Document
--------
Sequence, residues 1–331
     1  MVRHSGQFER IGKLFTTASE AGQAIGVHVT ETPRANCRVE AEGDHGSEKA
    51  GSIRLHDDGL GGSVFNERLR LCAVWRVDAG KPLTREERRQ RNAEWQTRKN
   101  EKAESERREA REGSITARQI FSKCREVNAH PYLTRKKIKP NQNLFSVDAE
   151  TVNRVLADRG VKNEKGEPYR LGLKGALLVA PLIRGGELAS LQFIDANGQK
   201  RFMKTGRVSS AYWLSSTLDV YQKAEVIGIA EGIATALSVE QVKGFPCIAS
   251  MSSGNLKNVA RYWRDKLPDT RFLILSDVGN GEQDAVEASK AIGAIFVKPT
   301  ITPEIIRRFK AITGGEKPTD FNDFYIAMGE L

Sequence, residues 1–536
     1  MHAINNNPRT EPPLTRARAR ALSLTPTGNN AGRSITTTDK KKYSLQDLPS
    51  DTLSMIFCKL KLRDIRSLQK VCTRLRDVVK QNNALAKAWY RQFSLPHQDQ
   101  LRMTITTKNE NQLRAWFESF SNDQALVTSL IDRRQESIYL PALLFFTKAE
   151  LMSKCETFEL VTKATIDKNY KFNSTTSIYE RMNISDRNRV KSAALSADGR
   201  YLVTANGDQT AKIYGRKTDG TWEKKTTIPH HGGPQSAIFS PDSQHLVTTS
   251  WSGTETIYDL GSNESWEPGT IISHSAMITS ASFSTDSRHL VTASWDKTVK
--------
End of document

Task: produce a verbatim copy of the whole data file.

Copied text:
Sequence, residues 1–331
     1  MVRHSGQFER IGKLFTTASE AGQAIGVHVT ETPRANCRVE AEGDHGSEKA
    51  GSIRLHDDGL GGSVFNERLR LCAVWRVDAG KPLTREERRQ RNAEWQTRKN
   101  EKAESERREA REGSITARQI FSKCREVNAH PYLTRKKIKP NQNLFSVDAE
   151  TVNRVLADRG VKNEKGEPYR LGLKGALLVA PLIRGGELAS LQFIDANGQK
   201  RFMKTGRVSS AYWLSSTLDV YQKAEVIGIA EGIATALSVE QVKGFPCIAS
   251  MSSGNLKNVA RYWRDKLPDT RFLILSDVGN GEQDAVEASK AIGAIFVKPT
   301  ITPEIIRRFK AITGGEKPTD FNDFYIAMGE L

Sequence, residues 1–536
     1  MHAINNNPRT EPPLTRARAR ALSLTPTGNN AGRSITTTDK KKYSLQDLPS
    51  DTLSMIFCKL KLRDIRSLQK VCTRLRDVVK QNNALAKAWY RQFSLPHQDQ
   101  LRMTITTKNE NQLRAWFESF SNDQALVTSL IDRRQESIYL PALLFFTKAE
   151  LMSKCETFEL VTKATIDKNY KFNSTTSIYE RMNISDRNRV KSAALSADGR
   201  YLVTANGDQT AKIYGRKTDG TWEKKTTIPH HGGPQSAIFS PDSQHLVTTS
   251  WSGTETIYDL GSNESWEPGT IISHSAMITS ASFSTDSRHL VTASWDKTVK